- Hello, Steve. On Sunday, November 2, 2008, at 10:45:48 AM, you ... I m not comfortable with the SM being an information conduit. It s at least one rail moreMessage 1 of 224 , Nov 2, 2008View SourceHello, Steve. On Sunday, November 2, 2008, at 10:45:48 AM, you
> Yes, that was my point. The team MAKES the decisions. The SM can beI'm not comfortable with the SM being an information conduit. It's
> the point of contact, is also the one to help those decisions get
> made. In some ways analogous to the committee of product owners.
> (though not exactly the same). With all of those caveats, what I said
> was probably not helping the discussion ;)
at least one rail more than is needed.
I know we always like to say it'll be easier to do it now than it
will be to do it later. Not likely. I plan to be smarter later than
I am now, so I think it'll be just as easy later, maybe even easier.
Why pay now when we can pay later?
- ... XP differs from kanban in many of the same ways as Scrum. It is batch pull, not continuous pull. Instead of a sprint, XP calls it an iteration. In XP, likeMessage 224 of 224 , Nov 19, 2008View SourceWednesday, November 19, 2008, 3:05:08 PM, Dillon Weyer wrote:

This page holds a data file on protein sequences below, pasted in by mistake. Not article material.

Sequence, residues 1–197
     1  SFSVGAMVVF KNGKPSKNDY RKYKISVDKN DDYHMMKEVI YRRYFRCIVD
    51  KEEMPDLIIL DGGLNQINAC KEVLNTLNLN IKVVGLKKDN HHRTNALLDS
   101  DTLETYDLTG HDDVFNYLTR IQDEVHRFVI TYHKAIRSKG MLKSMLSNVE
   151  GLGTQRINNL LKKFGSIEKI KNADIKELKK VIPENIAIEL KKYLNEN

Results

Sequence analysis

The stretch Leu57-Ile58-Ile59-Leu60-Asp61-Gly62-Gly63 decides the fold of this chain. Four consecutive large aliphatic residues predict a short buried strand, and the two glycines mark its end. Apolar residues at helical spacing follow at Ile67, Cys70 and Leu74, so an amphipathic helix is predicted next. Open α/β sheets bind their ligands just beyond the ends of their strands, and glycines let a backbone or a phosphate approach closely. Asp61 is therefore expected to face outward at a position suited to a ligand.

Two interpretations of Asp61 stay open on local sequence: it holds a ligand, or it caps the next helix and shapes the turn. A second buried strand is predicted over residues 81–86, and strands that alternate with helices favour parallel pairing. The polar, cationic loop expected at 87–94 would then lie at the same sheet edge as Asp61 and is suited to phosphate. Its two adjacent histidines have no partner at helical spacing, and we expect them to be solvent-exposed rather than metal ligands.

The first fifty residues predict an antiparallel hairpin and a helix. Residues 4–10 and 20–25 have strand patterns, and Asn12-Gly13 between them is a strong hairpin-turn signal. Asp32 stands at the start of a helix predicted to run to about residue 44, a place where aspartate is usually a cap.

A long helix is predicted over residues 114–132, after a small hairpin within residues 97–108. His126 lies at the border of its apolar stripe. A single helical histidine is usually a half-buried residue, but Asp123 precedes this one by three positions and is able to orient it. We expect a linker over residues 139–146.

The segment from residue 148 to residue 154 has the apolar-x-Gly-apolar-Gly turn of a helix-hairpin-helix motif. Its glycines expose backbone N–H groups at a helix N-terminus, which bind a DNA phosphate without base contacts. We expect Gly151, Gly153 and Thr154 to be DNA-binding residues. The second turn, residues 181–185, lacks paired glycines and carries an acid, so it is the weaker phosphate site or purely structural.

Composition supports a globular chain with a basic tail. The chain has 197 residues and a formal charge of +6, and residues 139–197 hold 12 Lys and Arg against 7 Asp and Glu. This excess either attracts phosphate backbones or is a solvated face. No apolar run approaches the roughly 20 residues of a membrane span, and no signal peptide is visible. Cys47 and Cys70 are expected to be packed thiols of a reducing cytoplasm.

> In this case how is XP different to Kanban then?XP differs from kanban in many of the same ways as Scrum. It
is batch pull, not continuous pull. Instead of a sprint, XP
calls it an iteration. In XP, like scrum, but not kanban, each
story has a high level estimate attached to it during release
planning, which is similar, but somewhat different from
backlog grooming in scrum.
> aacockburn wrote
> --- In email@example.com
> <mailto:scrumdevelopment%40yahoogroups.com> , Graeme Matthew <scrum@...>
>> Whats the difference between a product backlog and kanban they both
>> as signaling system to trigger action?
> The kanban is continuous pull, the backlog is batch pull.
> With the backlogs, each month you *promise* how much you'll do, and
> pull a *batch* of items from the product to the sprint backlog.
> You're now locked.
> With kanban, you pull directly from the product backlog to the
> work list, one at a time. There is no work estimate attached to the
> item - you just work on it till you're done, then pull the next.
> Some teams put size limits on the work list, so you can't work on
> more than e.g. 5 items at a time.
> That's quite a difference.